Stewart Chen appears to be itching for a return
to the Alameda City Council.
ALAMEDA CITY COUNCIL | “To run or not to run. That is the question,” wrote former Alameda City Councilmember Stewart Chen on Facebook last week.
With two open seats on the council this fall and a public discourse over the island’s rental crisis roiling virtually every meeting, Chen may believe there is an opportunity for a return to the council.
In addition to an increase in social media posts, Chen was seen at last Tuesday’s council meeting. But not to weigh-in on the proposed rent ordinances listed on the night’s agenda, but in support of a colleague’s petition to reverse a planning board decision denying a permit for the Circle K on Webster Street to sell alcohol.
Chen blasted the council’s decision on Facebook. “Another blow to Asian Americans in Alameda!” he wrote. He was also critical of two council members who opposed the liquor license, saying their reasoning was “arbitrary and capricious,” the same words used by Mayor Trish Spencer, who supported the license.
But, despite Chen’s strong support in the Asian American community, his electoral history is underwhelming. Although, he won election to the council in 2012, it came with a caveat. Chen finished third in the race for two seats, but was elected only because then-Councilmember Rob Bonta was elected to the State Assembly. Under Alameda election laws, the next closest vote-getter was in line to finish the remaining two years of Bonta’s term.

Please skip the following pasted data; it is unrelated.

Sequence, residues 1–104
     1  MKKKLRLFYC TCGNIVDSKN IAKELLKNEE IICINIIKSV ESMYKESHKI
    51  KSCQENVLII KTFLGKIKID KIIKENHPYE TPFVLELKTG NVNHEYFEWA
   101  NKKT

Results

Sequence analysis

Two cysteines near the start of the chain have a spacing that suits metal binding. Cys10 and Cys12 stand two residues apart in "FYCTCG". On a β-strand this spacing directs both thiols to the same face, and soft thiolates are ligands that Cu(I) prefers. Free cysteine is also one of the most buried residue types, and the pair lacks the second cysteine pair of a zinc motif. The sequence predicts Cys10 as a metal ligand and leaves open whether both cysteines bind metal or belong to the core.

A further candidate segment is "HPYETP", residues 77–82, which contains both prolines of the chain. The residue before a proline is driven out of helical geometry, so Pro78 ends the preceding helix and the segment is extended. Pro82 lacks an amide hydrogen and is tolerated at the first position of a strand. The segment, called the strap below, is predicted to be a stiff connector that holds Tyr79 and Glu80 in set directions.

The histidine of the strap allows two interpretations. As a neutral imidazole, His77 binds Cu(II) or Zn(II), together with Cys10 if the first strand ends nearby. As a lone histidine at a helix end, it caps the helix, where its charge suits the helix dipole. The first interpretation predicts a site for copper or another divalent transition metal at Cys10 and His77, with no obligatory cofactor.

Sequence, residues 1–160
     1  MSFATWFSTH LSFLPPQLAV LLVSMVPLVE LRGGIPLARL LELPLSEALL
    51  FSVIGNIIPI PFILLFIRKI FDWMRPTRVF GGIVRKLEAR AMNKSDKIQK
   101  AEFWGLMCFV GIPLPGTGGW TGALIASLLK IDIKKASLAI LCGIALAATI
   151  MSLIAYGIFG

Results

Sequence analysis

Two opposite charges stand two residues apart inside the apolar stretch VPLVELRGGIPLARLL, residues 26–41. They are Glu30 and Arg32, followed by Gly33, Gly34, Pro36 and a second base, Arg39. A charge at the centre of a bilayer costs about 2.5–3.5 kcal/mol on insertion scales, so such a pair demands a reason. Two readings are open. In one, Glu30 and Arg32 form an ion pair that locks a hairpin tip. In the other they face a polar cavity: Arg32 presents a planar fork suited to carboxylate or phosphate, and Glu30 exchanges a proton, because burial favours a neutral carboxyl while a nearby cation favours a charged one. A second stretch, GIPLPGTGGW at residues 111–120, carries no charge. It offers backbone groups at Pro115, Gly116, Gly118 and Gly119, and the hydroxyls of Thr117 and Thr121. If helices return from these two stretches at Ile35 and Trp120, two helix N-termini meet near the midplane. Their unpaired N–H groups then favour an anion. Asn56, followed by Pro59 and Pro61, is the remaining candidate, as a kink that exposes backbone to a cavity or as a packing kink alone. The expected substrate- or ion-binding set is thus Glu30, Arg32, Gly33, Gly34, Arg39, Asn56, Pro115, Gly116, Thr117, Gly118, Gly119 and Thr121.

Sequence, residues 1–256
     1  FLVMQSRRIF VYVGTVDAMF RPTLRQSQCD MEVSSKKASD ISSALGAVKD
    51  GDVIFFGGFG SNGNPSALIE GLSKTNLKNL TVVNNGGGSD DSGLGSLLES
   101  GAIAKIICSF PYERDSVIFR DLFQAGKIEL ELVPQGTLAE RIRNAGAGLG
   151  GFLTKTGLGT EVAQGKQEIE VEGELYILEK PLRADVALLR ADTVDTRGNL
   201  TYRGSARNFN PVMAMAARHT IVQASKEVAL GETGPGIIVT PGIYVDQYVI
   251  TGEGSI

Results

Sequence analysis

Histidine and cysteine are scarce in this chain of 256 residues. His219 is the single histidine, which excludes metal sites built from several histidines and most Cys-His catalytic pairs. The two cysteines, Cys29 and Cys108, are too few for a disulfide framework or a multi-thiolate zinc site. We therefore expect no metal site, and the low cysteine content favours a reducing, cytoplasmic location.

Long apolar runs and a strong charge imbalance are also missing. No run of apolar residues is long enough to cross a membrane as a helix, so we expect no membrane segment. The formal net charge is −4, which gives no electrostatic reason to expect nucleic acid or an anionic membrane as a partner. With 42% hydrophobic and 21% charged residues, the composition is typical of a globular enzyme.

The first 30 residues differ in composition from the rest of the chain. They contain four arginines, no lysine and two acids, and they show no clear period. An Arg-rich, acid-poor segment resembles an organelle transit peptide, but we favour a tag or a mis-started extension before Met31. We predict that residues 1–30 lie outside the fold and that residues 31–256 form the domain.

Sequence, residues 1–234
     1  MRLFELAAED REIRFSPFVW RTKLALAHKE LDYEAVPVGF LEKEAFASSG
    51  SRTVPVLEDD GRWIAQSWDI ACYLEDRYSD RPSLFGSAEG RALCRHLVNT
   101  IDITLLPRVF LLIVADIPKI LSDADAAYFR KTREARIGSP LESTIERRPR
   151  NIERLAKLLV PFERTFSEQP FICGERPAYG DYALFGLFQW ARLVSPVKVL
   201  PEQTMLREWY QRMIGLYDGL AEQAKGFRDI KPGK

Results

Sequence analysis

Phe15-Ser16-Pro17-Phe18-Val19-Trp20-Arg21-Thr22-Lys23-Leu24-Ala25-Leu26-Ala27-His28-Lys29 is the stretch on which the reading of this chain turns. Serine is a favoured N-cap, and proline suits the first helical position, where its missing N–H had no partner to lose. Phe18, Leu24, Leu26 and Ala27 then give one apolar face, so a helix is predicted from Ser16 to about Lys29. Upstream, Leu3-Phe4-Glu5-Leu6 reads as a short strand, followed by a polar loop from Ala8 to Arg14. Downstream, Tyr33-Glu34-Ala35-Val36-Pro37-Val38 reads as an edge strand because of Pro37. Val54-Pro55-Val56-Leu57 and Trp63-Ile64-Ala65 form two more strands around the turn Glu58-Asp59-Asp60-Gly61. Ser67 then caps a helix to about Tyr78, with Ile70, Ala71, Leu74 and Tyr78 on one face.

In 2014, Chen performed similarly at the polls, again finishing third in a race with two open council seats, but this time without a fail-safe.
Shakespearean flurry, notwithstanding, Chen’s campaign for re-election in 2014 was somewhat of a Greek tragedy. Earlier in the year came a report detailing his involvement 20 years prior in an insurance fraud ring. Chen received two years probation, paid a $50,000 fine, and believed the incident was wiped from her record. But to quote Macbeth, “What’s done cannot be undone.”
“They didn’t have anything on me,” Chen said of the fraud conviction. The report likely torpedoed his re-election.
If Chen decides to run for the city council this fall, he may be a part of growing field of strong candidates. In addition to incumbent Councilmembers Marilyn Ezzy Ashcraft and Tony Daysog, attorney and union activist Malia Vella is eyeing a run, as is Jeff Cambra, who ran in 2012.